We hypothesized that tissue hyperoxia would enhance and hypoxia inhibit neovascularization in a wound model. Therefore, we used female Swiss-Webster mice to examine the influence of differential oxygen treat-ment on angiogenesis. One milliliter plugs of Matrigels, a mixture of matrix proteins that supports but does not itself elicit angiogenesis, were injected subcutaneously into the mice. Matrigels was used without additive orwith added vascular endothelial growth factor (VEGF) or anti-VEGF antibody. Animals were maintained in hypoxic, normoxic, or one of four hyperoxic environments: hypoxia—13 percent oxygen at 1 atmosphere ab-solute (ATA); normoxia—21 percent oxygen at 1 ATA; hyperoxia—(groups a–d) 100 percent oxygen for 90 minutes twice daily at the following pressures: Group a, 1 ATA; Group b, 2 ATA; Group c, 2.5 ATA; Group d, 3.0 ATA. Subcutaneous oxygen tension was measured in all groups. The Matrigels was removed 7 days after implantation. Sections were graded microscopically for the extent of neovascularization. Angiogenesis was significantly greater in all hyperoxic groups and significantly less in the hypoxic group compared with room air exposed controls. Anti-VEGF antibody abrogated the angiogenic effect of both VEGF and increased oxygen tension. We conclude that angiogenesis is proportional to ambient pO2 over a wide range. This confirms the clinical impression that angiogenesis requires oxygen. Intermittent oxygen exposure can satisfy the need for oxygen in ischemic tissue.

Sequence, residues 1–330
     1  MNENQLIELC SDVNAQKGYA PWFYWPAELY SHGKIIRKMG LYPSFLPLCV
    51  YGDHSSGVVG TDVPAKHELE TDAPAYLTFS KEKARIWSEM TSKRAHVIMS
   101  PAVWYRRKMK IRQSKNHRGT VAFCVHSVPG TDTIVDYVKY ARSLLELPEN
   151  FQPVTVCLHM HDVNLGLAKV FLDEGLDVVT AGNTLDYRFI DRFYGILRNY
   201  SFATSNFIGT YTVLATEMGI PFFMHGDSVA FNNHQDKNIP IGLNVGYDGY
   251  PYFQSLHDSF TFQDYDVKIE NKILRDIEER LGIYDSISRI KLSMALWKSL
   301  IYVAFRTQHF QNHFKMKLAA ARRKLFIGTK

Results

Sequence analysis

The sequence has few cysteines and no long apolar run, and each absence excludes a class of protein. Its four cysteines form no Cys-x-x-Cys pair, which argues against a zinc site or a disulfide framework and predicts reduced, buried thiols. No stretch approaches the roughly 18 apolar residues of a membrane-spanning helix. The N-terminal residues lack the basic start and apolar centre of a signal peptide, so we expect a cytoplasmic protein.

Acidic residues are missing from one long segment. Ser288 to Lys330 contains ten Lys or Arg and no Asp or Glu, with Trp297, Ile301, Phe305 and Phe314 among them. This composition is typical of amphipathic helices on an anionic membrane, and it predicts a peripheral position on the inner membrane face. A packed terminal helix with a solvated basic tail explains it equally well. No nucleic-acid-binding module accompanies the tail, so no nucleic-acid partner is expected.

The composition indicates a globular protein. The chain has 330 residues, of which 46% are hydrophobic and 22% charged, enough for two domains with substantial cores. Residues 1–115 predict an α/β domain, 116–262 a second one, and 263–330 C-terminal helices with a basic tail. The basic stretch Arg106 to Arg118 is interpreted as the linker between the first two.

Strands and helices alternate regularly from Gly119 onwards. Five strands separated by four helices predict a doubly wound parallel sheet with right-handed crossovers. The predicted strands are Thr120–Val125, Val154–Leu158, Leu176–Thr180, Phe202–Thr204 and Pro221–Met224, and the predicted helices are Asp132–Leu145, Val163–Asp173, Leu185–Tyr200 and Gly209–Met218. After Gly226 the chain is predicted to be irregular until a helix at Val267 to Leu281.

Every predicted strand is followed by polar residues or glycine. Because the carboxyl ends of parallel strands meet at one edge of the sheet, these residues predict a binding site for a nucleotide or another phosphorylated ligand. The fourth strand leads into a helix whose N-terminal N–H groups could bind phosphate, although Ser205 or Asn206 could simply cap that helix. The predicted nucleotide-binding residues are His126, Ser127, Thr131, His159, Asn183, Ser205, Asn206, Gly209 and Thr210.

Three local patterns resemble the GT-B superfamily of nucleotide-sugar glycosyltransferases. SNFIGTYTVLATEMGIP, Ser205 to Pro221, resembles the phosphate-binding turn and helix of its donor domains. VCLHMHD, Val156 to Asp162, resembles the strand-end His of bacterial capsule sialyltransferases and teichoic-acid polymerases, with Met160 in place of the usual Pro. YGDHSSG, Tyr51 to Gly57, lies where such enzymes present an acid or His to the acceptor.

Categories: Medical clinic, Rehabilitation, Surgery and transplant, Wounds